Few, after the Cambridge Analytica affair would contend that an algorithm can never reflect bias. However the industry that produces algorithms - and therefore develops core aspects of artificial intelligence - leans heavily toward a particular type. The technologist caricatured in popular culture only chimes comedically because they are true to the experiences of the audience. The software engineering sector was white, male, middle class, college educated and overwhelmingly 25-40 years of age. This is less true than it once was, or at least the first of those, however the point is this. If algorithms reflect the societal biases of their authors then they will produce outcomes that reflect those biases. Data sets with inbuilt bias will also produce skewed outcomes. In the automation of HR/recruitment, student applications and insurance processing the implications are obvious, though even in mechanical automation there is early research to suggest that being treat equally by the machine cannot be taken for granted. Further research will be needed to determine if the early suggestion that a black woman is more likely to be involved in a collision with a driverless vehicle than a white man (according to a study by the Georgia Institute of Technology). These fears may prove to be false - but how will we know unless outcomes are critically examined and unless access to the data being used by automated processes is available to independent researchers?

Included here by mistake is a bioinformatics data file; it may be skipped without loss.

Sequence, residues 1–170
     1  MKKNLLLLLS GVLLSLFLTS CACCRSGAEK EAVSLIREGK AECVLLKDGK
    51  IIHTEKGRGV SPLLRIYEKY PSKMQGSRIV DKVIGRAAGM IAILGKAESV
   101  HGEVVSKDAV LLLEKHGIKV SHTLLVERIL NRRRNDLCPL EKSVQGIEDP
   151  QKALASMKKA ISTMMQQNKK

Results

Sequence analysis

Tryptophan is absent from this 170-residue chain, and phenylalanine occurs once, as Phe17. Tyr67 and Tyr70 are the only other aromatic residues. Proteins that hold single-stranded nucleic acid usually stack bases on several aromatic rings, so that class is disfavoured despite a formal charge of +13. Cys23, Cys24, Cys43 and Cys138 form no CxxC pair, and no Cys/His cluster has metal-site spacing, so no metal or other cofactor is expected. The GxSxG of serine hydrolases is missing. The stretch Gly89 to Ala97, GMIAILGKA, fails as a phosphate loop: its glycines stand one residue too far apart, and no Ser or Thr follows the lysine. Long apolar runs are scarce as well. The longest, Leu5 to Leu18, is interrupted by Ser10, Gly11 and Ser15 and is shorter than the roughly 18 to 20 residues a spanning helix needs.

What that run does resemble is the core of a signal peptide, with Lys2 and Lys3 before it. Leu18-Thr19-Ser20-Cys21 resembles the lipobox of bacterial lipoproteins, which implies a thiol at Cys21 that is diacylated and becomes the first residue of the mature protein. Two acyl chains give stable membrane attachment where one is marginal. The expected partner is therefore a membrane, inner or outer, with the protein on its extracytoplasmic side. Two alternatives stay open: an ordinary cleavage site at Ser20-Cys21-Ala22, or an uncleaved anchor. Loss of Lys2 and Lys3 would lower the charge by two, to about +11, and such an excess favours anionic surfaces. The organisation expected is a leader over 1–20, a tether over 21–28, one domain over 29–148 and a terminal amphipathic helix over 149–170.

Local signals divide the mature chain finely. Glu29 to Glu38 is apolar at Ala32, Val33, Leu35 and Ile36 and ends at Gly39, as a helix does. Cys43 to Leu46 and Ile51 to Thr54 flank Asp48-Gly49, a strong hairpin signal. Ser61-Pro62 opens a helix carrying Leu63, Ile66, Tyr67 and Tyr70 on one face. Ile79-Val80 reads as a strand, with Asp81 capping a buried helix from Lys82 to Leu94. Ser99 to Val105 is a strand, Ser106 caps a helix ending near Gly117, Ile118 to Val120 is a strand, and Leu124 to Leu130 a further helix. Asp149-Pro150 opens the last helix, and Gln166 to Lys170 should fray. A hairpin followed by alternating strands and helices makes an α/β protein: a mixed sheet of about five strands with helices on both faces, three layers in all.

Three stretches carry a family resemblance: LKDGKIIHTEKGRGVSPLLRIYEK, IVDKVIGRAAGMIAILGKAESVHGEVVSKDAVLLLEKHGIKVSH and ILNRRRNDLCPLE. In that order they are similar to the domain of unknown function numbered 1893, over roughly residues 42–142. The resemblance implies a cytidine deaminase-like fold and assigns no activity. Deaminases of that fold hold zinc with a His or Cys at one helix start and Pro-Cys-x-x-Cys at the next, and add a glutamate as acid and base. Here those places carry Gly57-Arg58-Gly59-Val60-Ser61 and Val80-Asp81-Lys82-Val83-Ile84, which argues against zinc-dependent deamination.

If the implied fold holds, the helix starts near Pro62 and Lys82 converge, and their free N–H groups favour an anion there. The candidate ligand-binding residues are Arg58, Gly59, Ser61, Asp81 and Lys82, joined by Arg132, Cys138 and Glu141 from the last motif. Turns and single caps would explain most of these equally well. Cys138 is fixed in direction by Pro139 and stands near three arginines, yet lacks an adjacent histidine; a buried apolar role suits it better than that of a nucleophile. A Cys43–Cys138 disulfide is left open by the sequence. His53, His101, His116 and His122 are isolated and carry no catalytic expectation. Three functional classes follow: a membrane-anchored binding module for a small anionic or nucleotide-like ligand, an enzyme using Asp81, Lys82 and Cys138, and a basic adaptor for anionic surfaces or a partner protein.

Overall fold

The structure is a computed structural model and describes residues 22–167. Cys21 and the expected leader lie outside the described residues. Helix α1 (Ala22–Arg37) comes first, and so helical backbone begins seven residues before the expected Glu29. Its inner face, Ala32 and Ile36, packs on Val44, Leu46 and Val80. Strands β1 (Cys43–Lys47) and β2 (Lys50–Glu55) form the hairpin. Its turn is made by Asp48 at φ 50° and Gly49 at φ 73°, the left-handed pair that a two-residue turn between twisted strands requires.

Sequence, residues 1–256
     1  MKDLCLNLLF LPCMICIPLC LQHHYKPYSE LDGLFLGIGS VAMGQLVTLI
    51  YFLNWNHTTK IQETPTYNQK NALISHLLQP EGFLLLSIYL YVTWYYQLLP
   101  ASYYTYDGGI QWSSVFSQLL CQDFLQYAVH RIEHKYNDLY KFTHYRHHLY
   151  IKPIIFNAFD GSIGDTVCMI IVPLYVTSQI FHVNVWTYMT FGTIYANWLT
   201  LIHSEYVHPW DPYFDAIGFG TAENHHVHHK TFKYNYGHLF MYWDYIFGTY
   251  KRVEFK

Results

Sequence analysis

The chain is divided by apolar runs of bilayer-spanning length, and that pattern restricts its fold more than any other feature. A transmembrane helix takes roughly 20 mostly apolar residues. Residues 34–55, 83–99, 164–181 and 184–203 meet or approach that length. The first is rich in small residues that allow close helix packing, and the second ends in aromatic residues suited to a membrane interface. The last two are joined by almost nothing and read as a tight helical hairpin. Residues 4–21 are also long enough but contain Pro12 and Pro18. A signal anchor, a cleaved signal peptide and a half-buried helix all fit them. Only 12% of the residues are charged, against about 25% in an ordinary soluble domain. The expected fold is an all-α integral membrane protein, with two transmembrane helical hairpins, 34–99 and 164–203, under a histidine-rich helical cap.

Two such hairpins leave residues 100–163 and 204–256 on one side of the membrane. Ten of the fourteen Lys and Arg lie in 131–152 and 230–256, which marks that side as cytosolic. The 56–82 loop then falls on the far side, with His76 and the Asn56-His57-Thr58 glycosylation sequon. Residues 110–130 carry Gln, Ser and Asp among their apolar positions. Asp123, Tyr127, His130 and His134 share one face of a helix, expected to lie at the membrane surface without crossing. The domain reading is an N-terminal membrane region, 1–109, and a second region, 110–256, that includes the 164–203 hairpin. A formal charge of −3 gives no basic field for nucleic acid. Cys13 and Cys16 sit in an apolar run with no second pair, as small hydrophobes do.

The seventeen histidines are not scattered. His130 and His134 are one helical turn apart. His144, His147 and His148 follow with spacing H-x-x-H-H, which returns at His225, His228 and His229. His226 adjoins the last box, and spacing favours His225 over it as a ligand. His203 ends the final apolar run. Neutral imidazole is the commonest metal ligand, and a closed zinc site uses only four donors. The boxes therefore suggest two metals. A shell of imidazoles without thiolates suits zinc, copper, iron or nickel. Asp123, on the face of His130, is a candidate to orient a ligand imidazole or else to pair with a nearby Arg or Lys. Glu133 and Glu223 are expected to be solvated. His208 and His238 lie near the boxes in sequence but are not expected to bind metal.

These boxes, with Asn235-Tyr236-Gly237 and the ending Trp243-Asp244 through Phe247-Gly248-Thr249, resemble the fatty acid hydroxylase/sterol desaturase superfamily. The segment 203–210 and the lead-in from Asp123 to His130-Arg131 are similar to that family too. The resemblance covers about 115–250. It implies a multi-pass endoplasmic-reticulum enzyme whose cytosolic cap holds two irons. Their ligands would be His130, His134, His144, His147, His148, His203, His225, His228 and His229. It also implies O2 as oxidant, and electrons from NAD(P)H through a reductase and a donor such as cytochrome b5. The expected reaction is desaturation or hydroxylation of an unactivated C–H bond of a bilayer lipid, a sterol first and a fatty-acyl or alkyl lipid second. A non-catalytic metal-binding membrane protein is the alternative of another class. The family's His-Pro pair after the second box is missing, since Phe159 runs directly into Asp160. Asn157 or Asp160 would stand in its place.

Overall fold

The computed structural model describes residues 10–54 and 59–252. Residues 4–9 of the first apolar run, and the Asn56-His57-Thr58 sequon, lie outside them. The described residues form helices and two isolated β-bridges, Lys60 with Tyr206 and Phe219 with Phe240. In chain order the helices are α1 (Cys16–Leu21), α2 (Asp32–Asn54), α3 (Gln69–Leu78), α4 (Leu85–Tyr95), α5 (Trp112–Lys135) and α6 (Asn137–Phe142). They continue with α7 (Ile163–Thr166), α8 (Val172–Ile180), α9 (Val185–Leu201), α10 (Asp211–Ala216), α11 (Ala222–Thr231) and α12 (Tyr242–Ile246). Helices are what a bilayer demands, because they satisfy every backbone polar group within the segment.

Where the greatest gains will lie

The more productive wealth generation will take place in the areas of technology that make possible the things that before were impossible or limited by the physical and political world. They will create the next billionaires and produce the next social exclusions. It will happen because these areas are always the most difficult for legislators to keep up - and some may prove to be out of political reach. Blockchain technology is receiving all sorts of attention for exactly this reason. This is not to say that the automation of existing processes will not be productive, just not exponentially so.

What does this mean?

Digitisation is happening. It cannot, should not and will not be stopped or regulated out of existence because markets will find a way. Luddism doesn’t work - it will only increase the digital divide. Just as the challenge of China cannot be successfully addressed by protectionism but only by Europe becoming an effective inward investor and stakeholder in Chinese domestic, international and digital markets so digitisation will only become socially inclusive by social and public actors working with digital innovators.
The long term success of Europe’s digital/AI economy requires the broadest possible section of consumers who can afford to buy the products of that economy. It requires an economy producing products to meet the needs of a diverse society. It requires a digital economy not confined to a monoculture, even a monoculture of the majority but which enhances cultural diversity and harnesses that diversity to create better products for more sustainable markets.

John Howarth MEP

Posted by John Howarth
Brexit Update: Bluff, Blame and Contingency